Driving away from San Juan airport—the jammed highways flanked by big-box stores and fast-food outlets—I am quickly reminded that I’m still in the United States. Ten minutes later, as the road paralleling the runway crosses a bridge and zags right under a canopy of trees, I’m just as fast to forget. Piñones feels like the tropics: cinder-block shacks with corrugated tin roofs and hand-painted signs, a palm-studded beach serving as backdrop. All the kiosks are promisingly dilapidated, so I choose a humble-looking place with a view of the ocean and a display case full of deep-fried offerings. I point to a dense-looking mound that turns out to be a pionono—strips of fried ripe plantains wrapped around a filling of ground beef, then dipped in an egg batter and fried again. It’s sweet and tasty, but I can’t get past the artificial orange hue of the outer shell. Next I try an empanadilla of lobster whose only reward is a dribble of grease down the front of my shirt. The quality of the food is supposed to rise in inverse proportion to the refinement of the venue, but there’s something missing from the equation.
The next day, I point my rental car south to look for the legendary Ruta del Lechón, which sounds like something out of a Homer Simpson dream sequence: a winding mountain road lined with stall after stall selling lechón asado, whole pig roasted on a spit. This Shangri-la of swine is only a 30-minute drive from San Juan, in the town of Guavate, where the built-up suburbs give way to shaggy green mountains. After a series of dips and switchbacks I find a half-dozen pig stands open for business. I stop at the one with the most cars parked outside and walk up to the counter, where the pig rests behind glass, a metal spit thrust through its still-smiling mouth, with skin the color of caramel and a midsection already partially carved out. I order a beer and a plate of pork and take them to a picnic table in an open-air pavilion, the forest stretching out below. The meat has been cut up into chunks, with some bits of lacquered skin and gooey pockets of fat. It tastes, well, piggy, with some traces of garlic and herbs, and a bracing, almost overwhelming tang of salt. This is good lechón, but not great lechón. I know Puerto Rico can do better.
Alfredo Ayala, whom I meet later that afternoon, assures me it can. Ripert had suggested that I look up Ayala, an old friend of his since they cooked together at Joël Robuchon’s Jamin in Paris in the 1980’s. Ayala is considered a pioneer of modern Puerto Rican cuisine, but his last restaurant, Delirio, closed last spring, a victim of the recession. Now he is working as a consultant at the Copamarina, a low-key beach resort in Guánica, a 30-minute drive from the southern city of Ponce. He’s a reserved man who worries about the island’s culinary heritage. “You can’t get good lechón in Guavate anymore,” he declares at least once, when not lamenting the demise of a properly made mofongo. Ayala abhors shortcuts and cheap substitutions (at a Ponce restaurant, he winces in embarrassment when I ask for pique and a bottle of Tabasco shows up instead). At the Copamarina’s restaurant, he serves me a multicourse lunch of typical Puerto Rican dishes: a small, delicate mofongo in a fish broth swirled with pique; seared local snapper with a stew of small white beans, chorizo, and pumpkin; a refreshing salad with avocado and slices of orange and grapefruit. Dessert is a quartet of ice creams—coconut, ginger, soursop, coffee—made with local ingredients. (The soursop, guanábana in Spanish, is my favorite: like the tart love child of a pineapple and a strawberry.) The meal isn’t humble, nor is it overcomplicated. It proves Ayala’s contention that traditional Puerto Rican food can use a touch of contemporary finesse.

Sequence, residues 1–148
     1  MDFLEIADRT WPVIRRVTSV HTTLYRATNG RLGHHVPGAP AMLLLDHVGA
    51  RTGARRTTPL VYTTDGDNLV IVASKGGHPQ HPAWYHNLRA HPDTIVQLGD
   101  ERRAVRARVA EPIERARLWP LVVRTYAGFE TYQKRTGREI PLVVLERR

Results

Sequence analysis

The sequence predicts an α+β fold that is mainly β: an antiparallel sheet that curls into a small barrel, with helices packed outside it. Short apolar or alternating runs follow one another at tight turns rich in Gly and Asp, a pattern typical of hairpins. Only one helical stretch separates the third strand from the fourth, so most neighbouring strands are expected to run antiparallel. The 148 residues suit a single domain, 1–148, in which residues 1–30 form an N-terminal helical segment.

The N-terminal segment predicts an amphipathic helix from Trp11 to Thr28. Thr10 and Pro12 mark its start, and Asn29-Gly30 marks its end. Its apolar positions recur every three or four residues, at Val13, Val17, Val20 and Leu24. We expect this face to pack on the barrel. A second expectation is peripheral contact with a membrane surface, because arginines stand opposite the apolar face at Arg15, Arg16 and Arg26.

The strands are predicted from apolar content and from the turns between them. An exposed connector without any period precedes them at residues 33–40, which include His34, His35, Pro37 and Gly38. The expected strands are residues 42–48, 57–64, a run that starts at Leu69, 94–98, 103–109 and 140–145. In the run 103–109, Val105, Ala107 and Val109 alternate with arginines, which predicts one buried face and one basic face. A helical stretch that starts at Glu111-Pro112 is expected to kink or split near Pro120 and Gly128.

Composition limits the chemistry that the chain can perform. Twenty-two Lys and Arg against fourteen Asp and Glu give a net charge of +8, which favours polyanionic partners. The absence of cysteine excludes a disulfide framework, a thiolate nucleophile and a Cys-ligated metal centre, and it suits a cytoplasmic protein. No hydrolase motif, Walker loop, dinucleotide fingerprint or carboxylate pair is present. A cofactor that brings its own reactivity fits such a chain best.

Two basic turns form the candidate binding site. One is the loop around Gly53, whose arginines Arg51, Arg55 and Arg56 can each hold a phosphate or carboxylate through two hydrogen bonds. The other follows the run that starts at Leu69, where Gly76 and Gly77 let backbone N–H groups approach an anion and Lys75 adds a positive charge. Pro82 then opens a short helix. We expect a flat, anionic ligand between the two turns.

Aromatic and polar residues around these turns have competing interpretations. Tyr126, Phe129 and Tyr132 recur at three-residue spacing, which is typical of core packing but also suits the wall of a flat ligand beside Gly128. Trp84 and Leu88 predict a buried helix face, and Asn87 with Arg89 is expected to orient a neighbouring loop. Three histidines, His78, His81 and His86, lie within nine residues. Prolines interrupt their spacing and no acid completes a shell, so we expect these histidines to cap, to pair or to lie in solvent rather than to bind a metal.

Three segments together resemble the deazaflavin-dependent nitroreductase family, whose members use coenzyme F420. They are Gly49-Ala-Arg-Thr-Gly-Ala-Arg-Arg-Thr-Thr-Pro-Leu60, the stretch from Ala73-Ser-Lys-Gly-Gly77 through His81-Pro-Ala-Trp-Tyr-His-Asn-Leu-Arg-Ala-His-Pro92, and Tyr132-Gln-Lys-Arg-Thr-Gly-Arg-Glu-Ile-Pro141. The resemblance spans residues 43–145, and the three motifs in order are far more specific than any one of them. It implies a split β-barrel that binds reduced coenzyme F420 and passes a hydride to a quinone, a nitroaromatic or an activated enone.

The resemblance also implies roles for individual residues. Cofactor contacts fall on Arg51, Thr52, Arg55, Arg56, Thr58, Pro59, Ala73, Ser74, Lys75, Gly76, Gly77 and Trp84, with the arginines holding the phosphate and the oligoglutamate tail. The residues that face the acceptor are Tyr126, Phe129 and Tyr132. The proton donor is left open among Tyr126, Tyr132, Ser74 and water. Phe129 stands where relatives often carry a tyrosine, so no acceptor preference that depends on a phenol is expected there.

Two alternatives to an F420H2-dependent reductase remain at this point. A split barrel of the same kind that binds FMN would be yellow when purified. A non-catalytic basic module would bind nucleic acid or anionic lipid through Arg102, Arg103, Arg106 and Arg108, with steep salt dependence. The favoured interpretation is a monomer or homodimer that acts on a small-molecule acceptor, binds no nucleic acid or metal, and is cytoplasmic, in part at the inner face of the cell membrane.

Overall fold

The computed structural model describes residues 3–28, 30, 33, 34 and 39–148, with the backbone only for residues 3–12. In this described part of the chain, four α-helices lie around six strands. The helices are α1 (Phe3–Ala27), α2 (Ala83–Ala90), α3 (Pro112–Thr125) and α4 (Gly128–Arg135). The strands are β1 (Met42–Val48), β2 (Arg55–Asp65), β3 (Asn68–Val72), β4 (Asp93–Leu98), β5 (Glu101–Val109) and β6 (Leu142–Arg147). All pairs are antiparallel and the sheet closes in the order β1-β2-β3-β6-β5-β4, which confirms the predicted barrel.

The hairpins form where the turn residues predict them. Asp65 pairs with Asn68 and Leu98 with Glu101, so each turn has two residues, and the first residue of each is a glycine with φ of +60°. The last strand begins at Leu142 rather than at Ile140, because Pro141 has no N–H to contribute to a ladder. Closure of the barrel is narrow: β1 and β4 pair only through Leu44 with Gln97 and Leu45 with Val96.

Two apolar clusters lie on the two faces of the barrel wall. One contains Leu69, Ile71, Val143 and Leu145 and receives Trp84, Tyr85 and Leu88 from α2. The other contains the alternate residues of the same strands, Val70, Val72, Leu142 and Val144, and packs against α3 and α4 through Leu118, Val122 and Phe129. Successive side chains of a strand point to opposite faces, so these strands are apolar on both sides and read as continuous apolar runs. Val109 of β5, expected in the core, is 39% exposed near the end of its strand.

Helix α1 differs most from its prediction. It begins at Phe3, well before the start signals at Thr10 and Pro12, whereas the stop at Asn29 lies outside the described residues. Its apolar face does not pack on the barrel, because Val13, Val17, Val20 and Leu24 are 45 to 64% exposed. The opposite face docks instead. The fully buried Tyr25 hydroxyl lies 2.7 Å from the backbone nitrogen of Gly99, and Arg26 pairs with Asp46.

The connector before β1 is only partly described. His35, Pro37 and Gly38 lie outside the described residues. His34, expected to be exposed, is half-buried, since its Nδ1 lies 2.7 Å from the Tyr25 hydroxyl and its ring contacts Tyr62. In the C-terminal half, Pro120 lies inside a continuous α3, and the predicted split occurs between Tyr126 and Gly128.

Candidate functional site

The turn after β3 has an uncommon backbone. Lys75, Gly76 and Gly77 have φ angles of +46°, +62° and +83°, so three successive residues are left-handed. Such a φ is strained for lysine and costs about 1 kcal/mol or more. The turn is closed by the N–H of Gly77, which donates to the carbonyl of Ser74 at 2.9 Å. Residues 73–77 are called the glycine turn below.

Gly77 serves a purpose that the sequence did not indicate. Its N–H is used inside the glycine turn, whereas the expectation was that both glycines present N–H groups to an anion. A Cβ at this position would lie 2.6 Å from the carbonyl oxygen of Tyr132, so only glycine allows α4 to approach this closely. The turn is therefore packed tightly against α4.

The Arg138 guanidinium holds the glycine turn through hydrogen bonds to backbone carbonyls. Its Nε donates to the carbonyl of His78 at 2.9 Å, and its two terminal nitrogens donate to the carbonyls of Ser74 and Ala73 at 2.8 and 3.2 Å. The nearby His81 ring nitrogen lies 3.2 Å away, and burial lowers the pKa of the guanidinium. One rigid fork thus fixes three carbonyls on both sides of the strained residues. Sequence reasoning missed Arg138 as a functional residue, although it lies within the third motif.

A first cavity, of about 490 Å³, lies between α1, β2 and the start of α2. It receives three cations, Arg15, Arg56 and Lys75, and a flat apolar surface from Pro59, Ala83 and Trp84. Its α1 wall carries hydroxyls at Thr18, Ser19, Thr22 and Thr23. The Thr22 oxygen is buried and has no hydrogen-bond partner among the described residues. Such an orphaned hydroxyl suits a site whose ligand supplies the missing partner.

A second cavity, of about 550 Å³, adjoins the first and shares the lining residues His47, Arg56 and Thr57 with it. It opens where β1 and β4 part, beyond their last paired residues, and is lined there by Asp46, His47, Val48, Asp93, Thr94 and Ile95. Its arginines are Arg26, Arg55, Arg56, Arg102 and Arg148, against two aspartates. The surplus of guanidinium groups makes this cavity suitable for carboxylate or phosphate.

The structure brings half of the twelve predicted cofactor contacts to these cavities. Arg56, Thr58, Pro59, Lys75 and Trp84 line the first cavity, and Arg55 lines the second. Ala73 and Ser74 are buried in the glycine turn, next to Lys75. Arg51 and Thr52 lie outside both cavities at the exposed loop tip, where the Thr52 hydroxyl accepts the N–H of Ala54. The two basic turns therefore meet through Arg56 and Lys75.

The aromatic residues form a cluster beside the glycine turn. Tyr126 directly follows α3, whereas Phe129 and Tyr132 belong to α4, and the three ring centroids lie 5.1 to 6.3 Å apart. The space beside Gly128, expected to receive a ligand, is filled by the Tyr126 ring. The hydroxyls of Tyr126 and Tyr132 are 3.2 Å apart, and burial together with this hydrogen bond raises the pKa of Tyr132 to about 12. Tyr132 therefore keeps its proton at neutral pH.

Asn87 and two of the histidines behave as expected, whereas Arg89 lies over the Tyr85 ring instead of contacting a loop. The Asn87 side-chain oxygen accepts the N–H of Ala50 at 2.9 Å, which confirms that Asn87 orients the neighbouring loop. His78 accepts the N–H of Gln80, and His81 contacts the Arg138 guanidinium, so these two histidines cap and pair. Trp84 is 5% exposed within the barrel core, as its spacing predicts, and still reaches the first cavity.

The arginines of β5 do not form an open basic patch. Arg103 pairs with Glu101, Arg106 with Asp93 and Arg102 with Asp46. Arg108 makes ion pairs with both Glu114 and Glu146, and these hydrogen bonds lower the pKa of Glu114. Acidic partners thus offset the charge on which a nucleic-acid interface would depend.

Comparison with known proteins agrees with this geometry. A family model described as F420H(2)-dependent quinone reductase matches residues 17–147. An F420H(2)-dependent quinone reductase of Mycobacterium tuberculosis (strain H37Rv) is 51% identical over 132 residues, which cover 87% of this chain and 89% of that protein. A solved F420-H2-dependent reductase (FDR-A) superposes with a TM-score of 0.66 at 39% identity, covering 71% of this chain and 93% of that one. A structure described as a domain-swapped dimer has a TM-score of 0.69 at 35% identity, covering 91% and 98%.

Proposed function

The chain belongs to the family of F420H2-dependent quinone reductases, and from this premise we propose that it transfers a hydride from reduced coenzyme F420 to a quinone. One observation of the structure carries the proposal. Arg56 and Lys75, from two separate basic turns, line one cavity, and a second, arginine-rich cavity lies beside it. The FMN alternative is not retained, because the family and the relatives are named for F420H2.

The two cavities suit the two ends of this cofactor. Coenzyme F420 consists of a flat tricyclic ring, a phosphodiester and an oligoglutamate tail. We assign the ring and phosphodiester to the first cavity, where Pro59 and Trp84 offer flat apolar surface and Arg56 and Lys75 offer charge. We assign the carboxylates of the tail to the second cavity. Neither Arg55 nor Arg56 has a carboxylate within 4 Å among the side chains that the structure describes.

If you’re looking for refinement in San Juan, you’ll find it in Condado, the beachfront community whose last heyday was in the 1960’s but which is experiencing a revival today. It’s home to hip restaurants and renovated hotels, like the Conrad Condado Plaza and the Condado Vanderbilt, reopening this summer. I check in to the Hotel La Concha, a set piece of Tropical Modernism that could have been beamed here from Miami Beach, down to the honeycomb-patterned brise-soleil and the all-night party in the lobby. There I meet up with Wilo Benet, perhaps the most admired chef on the island, who moved his formal flagship restaurant, Pikayo, to the Conrad Condado Plaza in 2009. Benet is charming and charismatic, a big man with a shaved head who issues a stream of cheerful social commentary about politics, the economy, and the restaurant business. “This is a small town with a big-city attitude,” he says of San Juan, describing Puerto Ricans as having worldly palates but a staunch traditionalist streak. Benet decides to take me back to the stalls in Piñones. The key, he explains, is to find one where you can watch the food being cooked fresh. We pull up to a kiosk called Tropical Heat as the cook is forming alcapurrias by hand, shaping them with the deftness of a sushi chef and plunging them into a blackened vat filled with bubbling oil, heated by a wood fire. Seconds later, we’re gingerly nibbling at the alcapurrias, letting the steam escape before devouring the garlicky crab stuffing. They’re hot and crisp and incredibly satisfying, especially washed down with the juice of fresh coconut, its top hacked off and a straw stuck inside. This is the ultimate beach food—the Caribbean’s answer to a Coney Island hot dog.